Throughout history, Turks have seemingly always been at odds with every country on its border and every minority within its border. This has mainly been because of geographic location. Turkey is located in one of the world’s largest crossroads of cultures and influences, and as a result, control of the land has always been desirable. After Sultan Mehmet conquered Istanbul in 1451 he was known to have said that “İstanbul is a magical seal which unites Europe and Asia since the ancient times. Without a doubt, Istanbul is certainly the most beautiful place of the world.” Opposing interests are found on all sides of Turkey, and just as the Ottoman Empire struggled with a position in the region so do the modern Turks today. The modern Republic of Turkey was founded by Mustafa Kemal Ataturk on democratic and secular ideals, with an attempt to distance itself from the rest of the Muslim world. As a result of Ataturk’s reforms in the 1920s, Turkey has been at the forefront of westernization and modernization in the Middle East, and Islamic fundamentalism has never been a source of intense conflict in Turkey. However in 2003 when Recep Tayyip Erdogan (the current president of Turkey) was elected as Prime Minister the tone of Turkish politics was significantly altered. Erdogan, a representative of the AK Party, an Islamist party, is more religiously oriented than any other president or prime minister in Turkish political history. The rise of Turkish Islamism in the traditionally secular government has come at a very critical time in world history. In the past two decades the rise of fundamental Islam has had an increasingly detrimental effect on the West, and never before has Turkey’s cooperation with the West been more vital. As Erdogan continues to assert his authoritarian power, and embolden Turkish Islamic nationalism, the country is beginning to find its recurring historic position, between a rock and a hard place.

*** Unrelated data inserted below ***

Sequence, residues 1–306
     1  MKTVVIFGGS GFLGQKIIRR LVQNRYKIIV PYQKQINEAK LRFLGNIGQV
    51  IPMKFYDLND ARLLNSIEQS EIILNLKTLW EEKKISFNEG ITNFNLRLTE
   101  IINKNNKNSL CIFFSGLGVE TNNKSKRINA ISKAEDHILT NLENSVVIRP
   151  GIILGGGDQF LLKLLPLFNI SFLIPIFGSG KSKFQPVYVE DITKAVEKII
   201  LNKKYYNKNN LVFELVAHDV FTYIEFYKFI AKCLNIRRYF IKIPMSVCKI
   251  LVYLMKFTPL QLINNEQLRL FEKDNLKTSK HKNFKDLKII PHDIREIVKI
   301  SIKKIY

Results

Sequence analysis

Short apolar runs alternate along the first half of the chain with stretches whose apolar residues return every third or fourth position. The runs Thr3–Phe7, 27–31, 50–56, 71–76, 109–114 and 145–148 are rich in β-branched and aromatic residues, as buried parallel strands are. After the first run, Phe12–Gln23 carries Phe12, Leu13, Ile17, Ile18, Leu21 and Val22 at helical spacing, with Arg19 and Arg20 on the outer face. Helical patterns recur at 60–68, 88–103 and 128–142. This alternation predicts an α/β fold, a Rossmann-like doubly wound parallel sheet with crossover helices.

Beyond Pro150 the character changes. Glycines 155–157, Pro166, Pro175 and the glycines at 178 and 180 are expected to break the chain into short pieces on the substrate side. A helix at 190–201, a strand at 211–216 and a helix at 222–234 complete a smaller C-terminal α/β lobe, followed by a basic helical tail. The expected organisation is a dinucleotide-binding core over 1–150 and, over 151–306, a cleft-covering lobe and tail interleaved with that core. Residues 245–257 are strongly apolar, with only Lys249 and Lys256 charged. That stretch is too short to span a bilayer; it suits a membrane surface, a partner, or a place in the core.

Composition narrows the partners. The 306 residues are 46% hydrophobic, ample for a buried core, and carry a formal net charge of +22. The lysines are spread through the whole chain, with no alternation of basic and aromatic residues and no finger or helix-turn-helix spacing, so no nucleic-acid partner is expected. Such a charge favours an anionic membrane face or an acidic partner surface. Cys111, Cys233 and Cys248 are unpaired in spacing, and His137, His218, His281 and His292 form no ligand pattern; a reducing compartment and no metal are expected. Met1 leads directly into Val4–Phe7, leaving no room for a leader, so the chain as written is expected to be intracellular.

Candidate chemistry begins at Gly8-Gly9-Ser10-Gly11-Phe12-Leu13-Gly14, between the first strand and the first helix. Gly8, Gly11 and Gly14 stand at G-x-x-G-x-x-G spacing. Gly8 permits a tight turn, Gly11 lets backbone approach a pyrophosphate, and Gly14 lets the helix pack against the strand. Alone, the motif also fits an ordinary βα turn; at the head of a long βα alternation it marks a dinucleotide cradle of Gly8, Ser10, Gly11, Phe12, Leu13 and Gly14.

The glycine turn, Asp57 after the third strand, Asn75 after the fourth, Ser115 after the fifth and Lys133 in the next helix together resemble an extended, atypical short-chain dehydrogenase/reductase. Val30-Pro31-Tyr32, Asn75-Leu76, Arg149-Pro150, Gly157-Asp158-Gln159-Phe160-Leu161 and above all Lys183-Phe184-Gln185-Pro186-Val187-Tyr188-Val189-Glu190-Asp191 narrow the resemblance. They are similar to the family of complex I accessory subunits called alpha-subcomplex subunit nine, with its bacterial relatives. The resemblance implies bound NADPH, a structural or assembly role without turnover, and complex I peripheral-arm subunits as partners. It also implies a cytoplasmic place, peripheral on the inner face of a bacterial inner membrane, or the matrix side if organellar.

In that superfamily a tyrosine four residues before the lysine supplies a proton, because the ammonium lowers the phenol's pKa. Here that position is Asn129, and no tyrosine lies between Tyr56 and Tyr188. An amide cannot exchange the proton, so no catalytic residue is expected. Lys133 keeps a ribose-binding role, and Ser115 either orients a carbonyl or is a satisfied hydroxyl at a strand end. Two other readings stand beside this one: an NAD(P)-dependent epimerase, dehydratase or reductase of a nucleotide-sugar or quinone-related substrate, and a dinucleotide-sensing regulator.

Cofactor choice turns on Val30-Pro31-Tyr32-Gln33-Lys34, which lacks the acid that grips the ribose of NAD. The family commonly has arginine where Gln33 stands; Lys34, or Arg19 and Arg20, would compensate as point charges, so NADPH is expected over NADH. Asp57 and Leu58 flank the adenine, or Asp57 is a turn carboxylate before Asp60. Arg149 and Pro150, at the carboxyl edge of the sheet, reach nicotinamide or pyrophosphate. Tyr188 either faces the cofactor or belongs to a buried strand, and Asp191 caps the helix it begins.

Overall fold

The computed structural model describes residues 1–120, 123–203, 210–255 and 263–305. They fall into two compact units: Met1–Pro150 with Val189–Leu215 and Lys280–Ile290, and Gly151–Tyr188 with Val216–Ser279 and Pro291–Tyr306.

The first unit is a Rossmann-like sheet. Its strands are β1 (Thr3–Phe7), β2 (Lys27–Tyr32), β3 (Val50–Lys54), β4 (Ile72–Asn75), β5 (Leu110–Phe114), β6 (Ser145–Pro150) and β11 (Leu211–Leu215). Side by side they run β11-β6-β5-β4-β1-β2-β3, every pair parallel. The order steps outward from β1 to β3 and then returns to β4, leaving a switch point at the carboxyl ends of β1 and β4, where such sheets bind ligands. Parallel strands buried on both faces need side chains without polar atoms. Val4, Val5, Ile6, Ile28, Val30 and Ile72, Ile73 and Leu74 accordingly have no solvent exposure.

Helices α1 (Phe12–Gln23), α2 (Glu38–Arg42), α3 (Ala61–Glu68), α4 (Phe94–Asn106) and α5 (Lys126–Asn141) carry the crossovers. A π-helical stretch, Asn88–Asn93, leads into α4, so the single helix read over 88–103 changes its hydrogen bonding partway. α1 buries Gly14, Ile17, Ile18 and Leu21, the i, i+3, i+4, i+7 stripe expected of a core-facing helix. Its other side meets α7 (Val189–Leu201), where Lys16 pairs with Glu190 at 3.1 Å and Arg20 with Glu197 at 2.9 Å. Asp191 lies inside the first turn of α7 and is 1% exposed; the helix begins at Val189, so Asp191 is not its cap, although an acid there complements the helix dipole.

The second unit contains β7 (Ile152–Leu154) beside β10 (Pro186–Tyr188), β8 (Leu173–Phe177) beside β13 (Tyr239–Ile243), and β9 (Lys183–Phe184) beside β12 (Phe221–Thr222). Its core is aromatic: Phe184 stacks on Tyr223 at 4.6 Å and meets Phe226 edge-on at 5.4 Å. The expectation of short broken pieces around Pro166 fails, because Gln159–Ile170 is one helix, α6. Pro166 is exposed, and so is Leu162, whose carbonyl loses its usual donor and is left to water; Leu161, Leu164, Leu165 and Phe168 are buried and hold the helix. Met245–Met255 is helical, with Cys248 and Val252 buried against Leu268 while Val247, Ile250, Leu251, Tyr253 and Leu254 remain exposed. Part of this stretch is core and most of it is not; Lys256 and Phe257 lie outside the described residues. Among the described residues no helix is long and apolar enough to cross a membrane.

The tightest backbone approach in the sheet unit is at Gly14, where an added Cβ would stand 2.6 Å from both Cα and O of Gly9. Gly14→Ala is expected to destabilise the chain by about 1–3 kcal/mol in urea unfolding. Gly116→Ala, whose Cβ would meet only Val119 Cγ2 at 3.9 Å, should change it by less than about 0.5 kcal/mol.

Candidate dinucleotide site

From the Turkish point of view the country’s potential conflicts arise from four main spheres of influence which are all interconnected: The Kurds, the Assad regime, Russia, the West, and most recently the Islamic State. First, in 2011 the Syrian civil war broke out, resulting in tension along the countries’ border and a huge influx of refugees into Turkey. There are 2,733,850 registered Syrian refugees in Turkey, currently, and the economic and political distress has made Turkey a big enemy of the Assad regime. Next, in 2015 another peace process dissolved between the Turkish government and the PKK. With hostilities increasing with the Kurds, Turkish military operations in Syria can now be seen as an opportunity to not only dismantle Assad’s forces, but to wage war on Kurdish separatists as well. However, the Turks would need support from the West for more advanced operational capabilities in Iraq and Syria. This is support that the EU and America are not completely willing to give which causes an increasing rift to develop between Turkey and NATO. Turkey has also demonstrated its tenacity in the region with its willingness to shoot down a Russian fighter jet, leading to the deterioration of Russian relations. Russia is an ally of the Assad regime and views Turkey’s involvement in Syria as a threat to its relationship with Assad. Therefore any increased Turkish military involvement at all in Syria could result in extremely tense situations with Russia. Lastly, and most importantly, the rise of the Islamic State must be accounted for. The Islamic State creates more refugees, fights against various Kurdish populations (that include Turkish enemies and allies), and wages war within Turkish borders through terrorism. Perhaps, Turkey is not only between a rock and a hard place but between several rocks and multiple hard places.